For Plant Nerds Only! Muggles KEEP OUT!


We have all had those days when you visit a public garden--the light is diffused, there's just a hint of a breeze and there's no one there. An April day at Savill Gardens, when I had fifty million rare daffodils all to myself (just like Wordsworth's hackneyed poem). Many a visit to Edinburgh or Gothenburg's gems. My March visit to Filoli or any one of a dozen visits to Huntington's desert garden. For those of us in Public Horticulture, these are our Superbowls, our Academy Awards only different: the opportunity to walk by ourselves (or with a beloved companion) in paradise alone.

(To be continued below)

 
I had one such day on May 10 of 2013 at Würzburg Botanic Garden. There are nearly 200 pictures below to prove it (you will be relieved that BLOGGER nixed quite a number, or it would have been much worse). Maybe the best ones were deleted? I could easily expand the caption under each of these pictures to a page, or maybe more. We would soon rival War and Peace in length--for you see, this is the garden of my dreams I might have concocted had I but world enough and time. But these clever Germans did it for me instead. I was almost in tears after a few hours, and left having seen only half of the botanic garden: how could we ever have a steppe garden at Denver Botanic Gardens? Our meager 25 acres was filled to the brim already...

(To be continued)


But as we speak, massive mounds of soil and monumental rocks are being assembled for YES! A steppe garden. Oddest of all, I was not the one who suggested it, never dreamed it would be in the very center of the Botanic Gardens, and have had little to do with the design. It can never surpass the masterpiece in Würzburg, (how can you surpass perfection?)  but perhaps they can be said one day to be parenthesizing (from opposite hemispheres) the world's North Temperate steppes like poetic book ends.

My caption? I have come to love Germans: they do not seek to make signage brief, pithy and aimed at morons. Much of the thrust of Marketing and Public Relations has been to dumb down pubic discourse that wasn't altogether a Freudian slip)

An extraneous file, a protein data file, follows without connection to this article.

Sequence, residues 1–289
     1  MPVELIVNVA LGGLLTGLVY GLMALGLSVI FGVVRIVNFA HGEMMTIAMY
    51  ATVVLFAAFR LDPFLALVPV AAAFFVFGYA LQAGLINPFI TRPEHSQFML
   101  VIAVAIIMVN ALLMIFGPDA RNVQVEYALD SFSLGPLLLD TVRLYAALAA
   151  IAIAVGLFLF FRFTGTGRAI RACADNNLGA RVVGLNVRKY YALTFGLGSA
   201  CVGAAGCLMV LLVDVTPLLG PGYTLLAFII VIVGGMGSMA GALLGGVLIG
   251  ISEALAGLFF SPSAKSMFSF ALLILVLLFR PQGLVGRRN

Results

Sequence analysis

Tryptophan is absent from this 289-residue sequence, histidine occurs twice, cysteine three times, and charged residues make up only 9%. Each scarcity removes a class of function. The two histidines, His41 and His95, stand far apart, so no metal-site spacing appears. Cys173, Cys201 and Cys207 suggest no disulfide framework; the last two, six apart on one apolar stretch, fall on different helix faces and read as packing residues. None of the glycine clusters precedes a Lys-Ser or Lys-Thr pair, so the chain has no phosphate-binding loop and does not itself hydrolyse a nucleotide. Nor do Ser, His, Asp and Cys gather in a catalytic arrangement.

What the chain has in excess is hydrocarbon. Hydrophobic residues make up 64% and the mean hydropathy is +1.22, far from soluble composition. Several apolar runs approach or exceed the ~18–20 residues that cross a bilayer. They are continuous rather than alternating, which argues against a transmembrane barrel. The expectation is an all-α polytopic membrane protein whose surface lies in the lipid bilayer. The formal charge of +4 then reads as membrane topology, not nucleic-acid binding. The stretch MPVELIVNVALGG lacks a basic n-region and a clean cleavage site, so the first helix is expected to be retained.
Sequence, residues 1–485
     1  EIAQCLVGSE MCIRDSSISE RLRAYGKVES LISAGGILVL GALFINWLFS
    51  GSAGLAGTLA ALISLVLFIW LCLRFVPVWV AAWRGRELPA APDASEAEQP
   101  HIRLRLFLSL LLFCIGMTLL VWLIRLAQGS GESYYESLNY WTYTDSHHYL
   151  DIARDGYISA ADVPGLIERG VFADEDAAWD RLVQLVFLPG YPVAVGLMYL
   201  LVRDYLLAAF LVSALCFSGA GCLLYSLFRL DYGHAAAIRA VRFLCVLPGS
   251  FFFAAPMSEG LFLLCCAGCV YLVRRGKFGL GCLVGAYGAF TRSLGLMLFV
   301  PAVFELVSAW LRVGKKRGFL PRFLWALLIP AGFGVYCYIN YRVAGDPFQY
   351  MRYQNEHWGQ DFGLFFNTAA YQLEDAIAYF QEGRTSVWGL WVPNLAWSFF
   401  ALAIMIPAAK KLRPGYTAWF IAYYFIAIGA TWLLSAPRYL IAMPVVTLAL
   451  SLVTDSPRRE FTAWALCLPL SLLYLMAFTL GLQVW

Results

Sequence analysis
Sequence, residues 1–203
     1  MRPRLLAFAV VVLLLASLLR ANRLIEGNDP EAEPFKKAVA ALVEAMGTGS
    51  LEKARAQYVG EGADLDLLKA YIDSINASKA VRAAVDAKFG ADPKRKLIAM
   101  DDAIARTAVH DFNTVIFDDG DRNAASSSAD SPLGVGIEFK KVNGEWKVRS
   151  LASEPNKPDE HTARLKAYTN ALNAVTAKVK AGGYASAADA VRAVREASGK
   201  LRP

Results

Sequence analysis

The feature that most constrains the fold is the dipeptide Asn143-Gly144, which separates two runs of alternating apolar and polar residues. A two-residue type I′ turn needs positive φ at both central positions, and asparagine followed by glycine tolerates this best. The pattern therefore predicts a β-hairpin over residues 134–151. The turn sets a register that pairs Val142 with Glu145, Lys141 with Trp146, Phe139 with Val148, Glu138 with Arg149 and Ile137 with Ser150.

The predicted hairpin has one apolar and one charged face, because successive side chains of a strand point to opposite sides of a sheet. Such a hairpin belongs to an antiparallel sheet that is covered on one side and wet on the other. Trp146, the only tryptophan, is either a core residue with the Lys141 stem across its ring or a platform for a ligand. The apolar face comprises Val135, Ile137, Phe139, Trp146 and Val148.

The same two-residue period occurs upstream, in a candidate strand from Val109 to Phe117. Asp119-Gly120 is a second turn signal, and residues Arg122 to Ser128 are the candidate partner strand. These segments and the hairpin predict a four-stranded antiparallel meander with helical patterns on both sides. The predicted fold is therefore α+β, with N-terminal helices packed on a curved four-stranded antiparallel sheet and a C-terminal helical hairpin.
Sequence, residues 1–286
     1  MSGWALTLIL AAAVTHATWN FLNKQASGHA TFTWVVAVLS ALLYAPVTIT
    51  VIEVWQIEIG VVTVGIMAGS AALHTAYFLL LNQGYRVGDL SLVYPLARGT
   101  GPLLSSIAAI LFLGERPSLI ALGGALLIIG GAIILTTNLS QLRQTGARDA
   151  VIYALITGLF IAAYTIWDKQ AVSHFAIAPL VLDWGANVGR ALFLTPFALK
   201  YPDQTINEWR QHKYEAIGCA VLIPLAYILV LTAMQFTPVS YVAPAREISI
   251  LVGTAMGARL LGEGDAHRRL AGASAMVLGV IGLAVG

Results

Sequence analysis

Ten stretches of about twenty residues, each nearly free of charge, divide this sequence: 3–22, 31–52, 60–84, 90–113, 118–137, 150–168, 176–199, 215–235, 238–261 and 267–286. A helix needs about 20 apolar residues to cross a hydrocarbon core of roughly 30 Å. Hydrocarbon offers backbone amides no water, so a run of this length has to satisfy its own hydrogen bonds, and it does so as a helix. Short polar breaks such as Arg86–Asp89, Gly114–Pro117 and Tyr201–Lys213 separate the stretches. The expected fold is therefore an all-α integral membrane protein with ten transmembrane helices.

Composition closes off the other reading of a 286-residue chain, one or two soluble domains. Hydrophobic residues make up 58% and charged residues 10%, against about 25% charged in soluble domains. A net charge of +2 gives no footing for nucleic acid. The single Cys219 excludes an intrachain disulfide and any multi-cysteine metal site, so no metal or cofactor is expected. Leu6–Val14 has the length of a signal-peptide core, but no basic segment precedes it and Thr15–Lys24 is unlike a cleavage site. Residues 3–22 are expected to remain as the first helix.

Just to irk the lurkers, I will add a few captions from time to time...the nice thing about blogs is that they're not set in stone like a published book. You can edit, omit or add. This for example, comes a day after I published this post and several hundred people have looked through (a good many quizzically no doubt, thinking "am I a Plant Muggle? I don't get it?" and the answer is, of course, that if you're thinking that you are indeed a plant muggle and need to just go back and do some internet shopping or look at conventionally pretty gardens, or whatever it is conventional people do. You may call me many names, but conventional is not one of them.


After seeing Asphodeline taurica at Würzburg, I had to have it. I now have two or maybe three--not yet the wonderful stand like this...but one day, just wait!


Oh yes: and one day I must have an Aubrieta wall.


More copious, endless Germanic signage: such a relief! I get so sick of the glitzy, brainless crap you find at so many American botanic gardens: I was at several National Parks this past September, and the signage at each was aimed at Morons: the level of the current slate of Republican Presidential candidates--to compare it to a Grade Level would insult our Public Schools which they've been so busy destroying with "No children left awake", stupid testing and cleansing of little things like Evolution from the curriculum. I have a problem with that party as it stands: I hope you vote in the next election and it better be for the Democrats. IOops...I'm slipping...)





















































































































































































Comments

  1. Last line, first paragraph perfect. My jaw dropped on seeing that first photo. Love it, want to make one for myself. In miniature, of course. (PS Got the book already.)

    Gotta go there. This is my idea of heaven if there is one. Maybe I'll have to settle for DBG.

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    1. DBG has its own little paradise: there is a purity of vision and an elegance in many Central European botanic gardens missing in much of our's in America. Ours often have pizzazz you don't find much in Europe...best to enjoy both worlds if you can! I've settled happily with DBG!

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  2. Oh sure Panayoti Kelaidis !! Just rub it in !! I was in Wurzburg last summer and did not get to see the garden . I had to choose between this garden and the Munich Rock garden . Maybe next time !!

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  3. You could have made it into two posts. We wouldn't have minded. I'm intrigued with the glass enclosure. Was it destined for a bulb display of some sort?

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    1. They were installing a display of rare Central Asian irises and bulbs (you can see some in the wheelbarrow)from greenhouses I never had a chance to visit that trip. Where to divide it for two posts? If you knew the backlog I have you wouldn't suggest that!

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  4. Another amazing post. Another amazing garden

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